Apart from being a profit-generating industry, agriculture is our main element of survival, and for this reason it is often under severe scrutiny by public authorities and the entire society. The world population is growing fast, and the agricultural sector is facing the hard challenge of producing more food to feed an increasing number of people with a smaller rural labor force.
In its support, technology and innovation are trying to raise productivity by protecting crops and selecting more resistant varieties. However, the adoption of these new technologies is often controversial and not always commonly accepted. For instance, the use of pesticides has increased farm profits and productivity over the years. On the other hand, pesticides can also represent a threat to the environment, the farmers, and the consumers.
Because of agrochemicals potential dangerousness, their development requires on average eleven years of study and trials, followed by rigorous authorization processes. Even after products have been launched in the market, they must go through periodical reviews and post commercial monitoring on safety and long-term health and environmental effects. Public access to this safety data has always been partial and inefficiently provided by companies through product labels, brochures or company websites. This lack of information has contributed to increasing public suspicions and fear about the potential harmful side effects of crop protection products. The consequent shared distrust towards the agrochemical industry has prompted several public protests over the years.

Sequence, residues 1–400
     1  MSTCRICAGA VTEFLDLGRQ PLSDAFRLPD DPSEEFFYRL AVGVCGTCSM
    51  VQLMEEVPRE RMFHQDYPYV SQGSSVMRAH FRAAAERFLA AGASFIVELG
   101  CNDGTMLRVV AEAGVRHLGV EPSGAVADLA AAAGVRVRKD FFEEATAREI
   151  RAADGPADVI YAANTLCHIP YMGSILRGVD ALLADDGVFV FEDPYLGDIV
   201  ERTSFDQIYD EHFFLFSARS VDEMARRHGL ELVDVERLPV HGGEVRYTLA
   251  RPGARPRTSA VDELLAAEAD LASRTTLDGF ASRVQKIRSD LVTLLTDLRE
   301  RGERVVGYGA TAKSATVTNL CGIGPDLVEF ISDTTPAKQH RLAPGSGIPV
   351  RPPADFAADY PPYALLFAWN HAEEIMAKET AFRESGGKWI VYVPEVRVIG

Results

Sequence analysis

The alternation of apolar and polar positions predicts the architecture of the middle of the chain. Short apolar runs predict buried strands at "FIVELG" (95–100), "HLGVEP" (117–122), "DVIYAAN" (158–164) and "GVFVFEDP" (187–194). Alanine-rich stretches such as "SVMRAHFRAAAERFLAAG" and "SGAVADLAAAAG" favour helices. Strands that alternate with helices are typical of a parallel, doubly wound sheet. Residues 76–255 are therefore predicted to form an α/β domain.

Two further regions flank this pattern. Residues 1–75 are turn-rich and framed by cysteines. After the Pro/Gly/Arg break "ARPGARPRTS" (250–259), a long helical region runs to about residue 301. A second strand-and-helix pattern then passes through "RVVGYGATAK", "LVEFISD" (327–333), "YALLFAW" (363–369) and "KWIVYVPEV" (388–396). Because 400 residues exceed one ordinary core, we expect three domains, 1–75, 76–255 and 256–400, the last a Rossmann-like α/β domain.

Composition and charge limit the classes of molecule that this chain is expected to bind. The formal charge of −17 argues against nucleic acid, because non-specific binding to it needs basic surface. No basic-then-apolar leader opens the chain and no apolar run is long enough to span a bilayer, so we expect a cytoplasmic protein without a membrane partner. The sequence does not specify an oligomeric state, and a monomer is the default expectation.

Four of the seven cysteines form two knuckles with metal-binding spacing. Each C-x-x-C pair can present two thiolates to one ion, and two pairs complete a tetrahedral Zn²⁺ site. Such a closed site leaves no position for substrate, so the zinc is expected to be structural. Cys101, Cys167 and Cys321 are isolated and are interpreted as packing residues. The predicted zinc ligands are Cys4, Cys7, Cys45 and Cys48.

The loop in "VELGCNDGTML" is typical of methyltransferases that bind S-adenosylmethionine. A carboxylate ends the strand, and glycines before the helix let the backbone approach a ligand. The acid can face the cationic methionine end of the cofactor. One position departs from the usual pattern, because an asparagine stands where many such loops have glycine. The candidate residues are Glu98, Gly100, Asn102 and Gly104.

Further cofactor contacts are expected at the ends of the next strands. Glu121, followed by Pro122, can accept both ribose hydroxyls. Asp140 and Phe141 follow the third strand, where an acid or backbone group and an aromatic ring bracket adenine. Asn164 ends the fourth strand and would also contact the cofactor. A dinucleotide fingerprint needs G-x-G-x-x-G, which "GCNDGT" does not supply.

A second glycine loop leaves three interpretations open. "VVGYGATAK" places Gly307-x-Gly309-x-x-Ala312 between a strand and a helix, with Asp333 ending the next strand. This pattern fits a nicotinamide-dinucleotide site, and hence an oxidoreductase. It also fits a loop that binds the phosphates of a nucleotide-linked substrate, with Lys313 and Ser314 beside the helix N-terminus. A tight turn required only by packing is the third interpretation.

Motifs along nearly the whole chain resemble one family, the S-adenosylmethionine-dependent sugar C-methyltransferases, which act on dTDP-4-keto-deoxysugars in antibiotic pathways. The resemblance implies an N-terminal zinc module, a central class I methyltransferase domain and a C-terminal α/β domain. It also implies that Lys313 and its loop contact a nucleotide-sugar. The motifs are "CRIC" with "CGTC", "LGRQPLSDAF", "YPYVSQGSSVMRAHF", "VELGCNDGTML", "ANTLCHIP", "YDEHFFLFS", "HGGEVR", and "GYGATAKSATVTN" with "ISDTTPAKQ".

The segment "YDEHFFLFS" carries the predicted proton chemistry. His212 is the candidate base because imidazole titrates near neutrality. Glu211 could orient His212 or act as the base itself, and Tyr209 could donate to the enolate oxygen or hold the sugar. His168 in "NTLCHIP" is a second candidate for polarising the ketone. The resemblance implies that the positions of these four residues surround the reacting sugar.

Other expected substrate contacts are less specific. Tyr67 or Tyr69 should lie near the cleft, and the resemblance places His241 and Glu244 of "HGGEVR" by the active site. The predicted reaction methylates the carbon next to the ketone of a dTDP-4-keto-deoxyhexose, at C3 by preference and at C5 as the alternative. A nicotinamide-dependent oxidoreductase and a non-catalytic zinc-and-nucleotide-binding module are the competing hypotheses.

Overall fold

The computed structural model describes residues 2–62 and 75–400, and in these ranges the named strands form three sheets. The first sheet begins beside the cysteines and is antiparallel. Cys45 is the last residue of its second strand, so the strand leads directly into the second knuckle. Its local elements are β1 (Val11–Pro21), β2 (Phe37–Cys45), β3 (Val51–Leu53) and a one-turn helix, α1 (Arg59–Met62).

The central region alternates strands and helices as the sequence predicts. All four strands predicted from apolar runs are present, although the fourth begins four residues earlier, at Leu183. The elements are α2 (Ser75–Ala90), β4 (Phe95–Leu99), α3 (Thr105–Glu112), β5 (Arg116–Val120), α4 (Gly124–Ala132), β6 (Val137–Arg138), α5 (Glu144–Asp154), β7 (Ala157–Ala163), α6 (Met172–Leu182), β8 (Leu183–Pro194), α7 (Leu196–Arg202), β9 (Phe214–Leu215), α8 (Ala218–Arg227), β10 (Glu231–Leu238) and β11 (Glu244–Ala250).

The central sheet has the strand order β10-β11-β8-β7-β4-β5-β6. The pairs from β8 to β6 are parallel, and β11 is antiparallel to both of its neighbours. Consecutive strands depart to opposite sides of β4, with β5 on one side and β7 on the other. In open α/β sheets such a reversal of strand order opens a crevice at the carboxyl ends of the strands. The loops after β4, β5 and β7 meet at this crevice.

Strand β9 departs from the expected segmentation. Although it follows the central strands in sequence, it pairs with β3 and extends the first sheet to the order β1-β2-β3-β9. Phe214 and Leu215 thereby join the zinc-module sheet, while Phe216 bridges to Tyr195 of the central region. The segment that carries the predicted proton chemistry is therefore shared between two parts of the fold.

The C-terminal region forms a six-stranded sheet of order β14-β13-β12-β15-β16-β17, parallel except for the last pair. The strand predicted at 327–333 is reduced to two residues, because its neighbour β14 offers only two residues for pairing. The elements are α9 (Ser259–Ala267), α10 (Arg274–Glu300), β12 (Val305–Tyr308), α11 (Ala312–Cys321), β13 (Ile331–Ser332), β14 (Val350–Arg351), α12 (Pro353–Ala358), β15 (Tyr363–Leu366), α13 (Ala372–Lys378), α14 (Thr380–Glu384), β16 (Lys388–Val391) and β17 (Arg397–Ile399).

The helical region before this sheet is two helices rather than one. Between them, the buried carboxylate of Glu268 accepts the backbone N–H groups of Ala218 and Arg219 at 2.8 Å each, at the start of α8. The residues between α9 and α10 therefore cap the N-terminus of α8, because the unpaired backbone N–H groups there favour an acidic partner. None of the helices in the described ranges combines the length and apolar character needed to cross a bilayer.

In October 2017 a citizens’ public initiative supported by more than 1 million statements from 22 Member States was officially submitted to the EU Commission requesting to “protect people and the environment from toxic pesticides”. As a result, through the Regulation 2019/1381, the EU established the need for improved transparency, a clear risk communication and an increased independence of studies for agrochemicals. Indeed, starting from March 2021, studies and data of technical dossiers for pesticides, biopesticides and genetically modified organisms, including applications for authorizations, are to be made public proactively and automatically, through the European Food Safety Aithority website.
For sure this will allow the scientific and regulatory communities to access and dispose of centralized safety data to enhance the risk assessment procedures. However, being left aside, farmers, final users, and the whole society still will not be directly involved. And forgetting to address the population, which raised the transparency problem in the first place, will not help the citizens to recover confidence in agrochemicals. The consequences of that can be spotted in Switzerland, where the public concern about agrochemicals has reached such a level that on June the 13th 2021 a popular vote will take place in order to ban pesticides throughout the country.
In this scenario, Authena can help crop protection companies to reach a renewed level of credibility. Based on a combination between blockchain and interactive Near Field Communication (NFC) tags, Authena plug & play solution allows clear and immediate access to already existent and always updated safety data related to pesticides. The NFC seals, singularly attached to crop protection products, can be read with a simple tap of a smartphone. This lets everyone instantly verify where the product comes from, how to use it, whether it’s been tampered with, where it sits in the supply chain, and when it expires. Producers committed with sustainability and environmental practices can now leverage on Authena end-to-end technology framework to:
Through its industry-specific solution, Authena offers crop protection companies a unique opportunity to reestablish farmers’ and consumers’ confidence by ensuring product safety, integrity, authenticity, and full traceability.